Sixteen EU heads of state and government held an emergency summit in Brussels on Sunday (24 June) to discuss migration – a crisis with a destructive potential for the EU. No results were announced but sources said the discussions had largely revolved around a proposal by Italian Prime Minister Giuseppe Conte.
Leaders were invited by Commission President Jean-Claude Juncker to a hastily organised mini-summit, in an effort to prepare a key EU-28 summit on 28-29 June in a way that would allow German Chancellor Angela Merkel, under pressure at home, to keep her post.
Merkel’s conservative Bavarian allies, the Christian Social Union (CSU) agreed to give her a few days’ of breathing space to find a pan-EU solution on migration, following a row over immigration that threatens to scupper her three-month-old coalition government.
But she conceded that even the “big” summit a few days later was unlikely to produce a broad solution and said she may try for direct deals with other member states instead.
“We know that at the European Council, unfortunately, we will not have a complete solution of the migration issue,” Merkel said before the meeting started.
“That is why there will be bilateral and trilateral agreements, how can we help each other – not always wait for all 28 members but think about what is important to whom,” she said.
The main tension at the mini-summit was between the new Italian government of Prime Minister Conte, who refuses to take more migrants crossing the Mediterranean, and France, which insists that Italy keeps committed to the “cooperative approach”.
Relations between Conte and French President Emmanuel Macron have been very tense lately.
Conte came to Brussels with a 10-point plan called “European multi-level strategy for migration”, which he had reportedly written himself. Indeed, an Italian diplomat who briefed journalists about the plan said he hardly had the time to read it.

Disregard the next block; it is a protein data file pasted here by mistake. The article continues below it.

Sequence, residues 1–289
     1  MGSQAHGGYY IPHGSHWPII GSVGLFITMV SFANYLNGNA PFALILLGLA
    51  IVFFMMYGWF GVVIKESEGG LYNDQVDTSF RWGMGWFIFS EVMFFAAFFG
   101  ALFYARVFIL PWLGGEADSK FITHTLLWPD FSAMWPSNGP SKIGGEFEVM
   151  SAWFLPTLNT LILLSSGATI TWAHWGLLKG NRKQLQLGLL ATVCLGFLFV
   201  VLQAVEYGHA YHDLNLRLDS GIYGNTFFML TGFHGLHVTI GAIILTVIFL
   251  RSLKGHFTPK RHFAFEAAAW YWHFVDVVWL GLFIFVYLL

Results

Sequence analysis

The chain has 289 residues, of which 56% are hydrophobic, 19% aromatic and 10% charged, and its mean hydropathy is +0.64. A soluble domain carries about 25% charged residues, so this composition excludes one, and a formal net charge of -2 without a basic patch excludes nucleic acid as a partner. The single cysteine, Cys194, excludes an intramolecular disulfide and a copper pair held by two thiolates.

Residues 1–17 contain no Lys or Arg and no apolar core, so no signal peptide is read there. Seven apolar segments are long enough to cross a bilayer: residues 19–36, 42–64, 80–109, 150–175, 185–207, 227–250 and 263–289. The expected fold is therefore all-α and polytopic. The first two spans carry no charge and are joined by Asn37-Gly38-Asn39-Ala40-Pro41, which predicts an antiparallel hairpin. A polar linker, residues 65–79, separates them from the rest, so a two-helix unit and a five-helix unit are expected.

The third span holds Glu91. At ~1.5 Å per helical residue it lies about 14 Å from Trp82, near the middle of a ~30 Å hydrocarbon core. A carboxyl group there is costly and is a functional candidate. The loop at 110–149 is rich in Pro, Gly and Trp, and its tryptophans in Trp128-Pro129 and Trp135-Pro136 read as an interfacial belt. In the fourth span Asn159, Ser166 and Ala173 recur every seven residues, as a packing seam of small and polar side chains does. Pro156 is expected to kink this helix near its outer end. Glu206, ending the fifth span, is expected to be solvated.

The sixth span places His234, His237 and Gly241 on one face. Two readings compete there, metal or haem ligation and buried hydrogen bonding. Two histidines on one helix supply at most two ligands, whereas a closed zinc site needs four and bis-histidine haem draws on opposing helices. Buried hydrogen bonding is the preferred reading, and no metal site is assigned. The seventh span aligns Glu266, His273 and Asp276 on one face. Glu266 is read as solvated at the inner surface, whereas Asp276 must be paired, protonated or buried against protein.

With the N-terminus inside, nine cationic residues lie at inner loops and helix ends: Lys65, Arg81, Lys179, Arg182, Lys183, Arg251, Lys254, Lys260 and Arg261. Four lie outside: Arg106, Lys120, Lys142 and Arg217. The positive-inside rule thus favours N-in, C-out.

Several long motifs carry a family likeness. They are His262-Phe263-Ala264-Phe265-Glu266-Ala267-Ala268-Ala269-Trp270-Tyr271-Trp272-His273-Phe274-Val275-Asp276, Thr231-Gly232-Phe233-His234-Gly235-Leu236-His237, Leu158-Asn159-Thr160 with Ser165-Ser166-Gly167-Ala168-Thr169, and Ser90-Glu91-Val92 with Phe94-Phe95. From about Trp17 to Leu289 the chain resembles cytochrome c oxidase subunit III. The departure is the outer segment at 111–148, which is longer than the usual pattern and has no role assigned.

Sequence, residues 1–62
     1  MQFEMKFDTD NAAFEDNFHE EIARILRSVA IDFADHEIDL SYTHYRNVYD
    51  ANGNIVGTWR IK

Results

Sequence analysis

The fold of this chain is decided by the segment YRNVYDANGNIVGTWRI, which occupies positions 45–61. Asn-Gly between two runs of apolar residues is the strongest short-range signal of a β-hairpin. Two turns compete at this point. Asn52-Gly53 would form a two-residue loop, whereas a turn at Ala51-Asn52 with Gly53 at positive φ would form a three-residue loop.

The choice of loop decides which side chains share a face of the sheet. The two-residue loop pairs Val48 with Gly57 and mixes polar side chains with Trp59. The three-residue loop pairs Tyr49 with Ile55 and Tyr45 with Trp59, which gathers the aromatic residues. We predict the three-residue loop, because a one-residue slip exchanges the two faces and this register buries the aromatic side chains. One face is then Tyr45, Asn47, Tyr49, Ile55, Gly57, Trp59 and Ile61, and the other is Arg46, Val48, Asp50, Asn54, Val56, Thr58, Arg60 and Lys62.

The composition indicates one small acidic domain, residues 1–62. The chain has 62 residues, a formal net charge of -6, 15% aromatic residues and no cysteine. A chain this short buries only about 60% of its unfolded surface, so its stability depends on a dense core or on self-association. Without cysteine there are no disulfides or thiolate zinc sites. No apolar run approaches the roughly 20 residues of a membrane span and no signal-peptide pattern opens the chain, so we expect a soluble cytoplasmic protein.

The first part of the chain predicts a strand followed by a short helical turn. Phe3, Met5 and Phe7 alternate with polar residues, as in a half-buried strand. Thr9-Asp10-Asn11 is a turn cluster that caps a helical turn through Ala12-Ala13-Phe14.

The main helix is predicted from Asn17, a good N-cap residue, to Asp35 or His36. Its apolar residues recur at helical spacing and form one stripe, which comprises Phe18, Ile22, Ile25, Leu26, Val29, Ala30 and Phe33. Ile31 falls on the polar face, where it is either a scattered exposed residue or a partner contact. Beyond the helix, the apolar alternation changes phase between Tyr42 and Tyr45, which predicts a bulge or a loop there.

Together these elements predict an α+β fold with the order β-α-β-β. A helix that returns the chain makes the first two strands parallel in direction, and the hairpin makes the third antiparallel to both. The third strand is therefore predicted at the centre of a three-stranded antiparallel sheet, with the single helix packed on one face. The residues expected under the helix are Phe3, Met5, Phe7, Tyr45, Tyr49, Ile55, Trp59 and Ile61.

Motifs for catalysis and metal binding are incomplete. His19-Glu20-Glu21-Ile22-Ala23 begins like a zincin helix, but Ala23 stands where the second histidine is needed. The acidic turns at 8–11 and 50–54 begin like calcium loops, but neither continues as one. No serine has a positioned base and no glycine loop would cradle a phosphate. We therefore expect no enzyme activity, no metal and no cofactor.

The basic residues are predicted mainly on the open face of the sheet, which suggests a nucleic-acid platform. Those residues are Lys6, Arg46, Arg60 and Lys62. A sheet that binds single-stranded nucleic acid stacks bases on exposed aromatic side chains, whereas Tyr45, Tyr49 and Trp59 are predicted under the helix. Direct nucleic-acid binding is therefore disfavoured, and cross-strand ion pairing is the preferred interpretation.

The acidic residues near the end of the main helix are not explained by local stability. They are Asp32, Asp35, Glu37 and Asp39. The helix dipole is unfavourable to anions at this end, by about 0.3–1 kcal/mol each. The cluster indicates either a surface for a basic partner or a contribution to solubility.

— Georgi Gotev (@GeorgiGotev) June 24, 2018
The plan foresees protection centres for migrants in transit countries, strengthening the EU external borders (non-controversial ideas), “overcoming” the Dublin asylum system (explained by a diplomat as decoupling the saving of migrants at sea from their access to asylum procedure), getting rid of the responsibility of the first country of arrival, and the creation of protection centres in more countries (not only in Italy and Spain).
“The rescue obligation cannot become an obligation to process asylum requests on everyone’s behalf”, the document says.
Italy appears to hit at countries not willing to accept refugees, such as the Visegrad Four (Poland, Hungary, the Czech Republic, Slovakia).
“Each state establishes entry quotas for economic migrants,” the document says and adds: “It is a principle that must be respected, but adequate countermeasures must be provided for funding with respect to states that do not offer welcome to refugees,” it said.
The other plan reportedly under discussion is the Franco-Spanish one, of which no text was made available.
According to French diplomats, Paris and Madrid want “closed disembarkation platforms” in closest safe ports to work “on a cooperative basis with the countries in the region” and a procedure to vet asylum seekers from economic migrants to be as fast as the one with the Aquarius ship recently docking in Valencia, with speedy returns and avoiding “secondary movements”.
The idea is that such “closed disembarkation platforms” would be created on EU territory, which may include the Spanish enclaves of Ceuta and Melilla on the other side of the Gibraltar Straits.
Currently, such “closed” facilities don’t exist. Italy is strongly against the idea of closed migrant centres.
Coalition of the willing?
France wants a mechanism of solidarity with the “closed disembarkation platforms”, meaning that certain countries would take migrants, which is a clear indication that the Commission-proposed mandatory relocation is now abandoned. The jargon used is “cooperative solutions between several member states”.
“Secondary movements”, meaning movements of refugees from one EU country to another, represented without a doubt the most difficult issue.
Sources from the summit said the leader who spoke the most was Conte, a rookie at EU summits.
Greek PM Alexis Tsipras reportedly said that secondary flows from Greece do not exist because the country’s northern borders were closed. He pleaded for a fair burden sharing and a strengthening of the EU front-line countries. Tsipras also expressed serious reservations about the compatibility of the disembarkation centres with international law.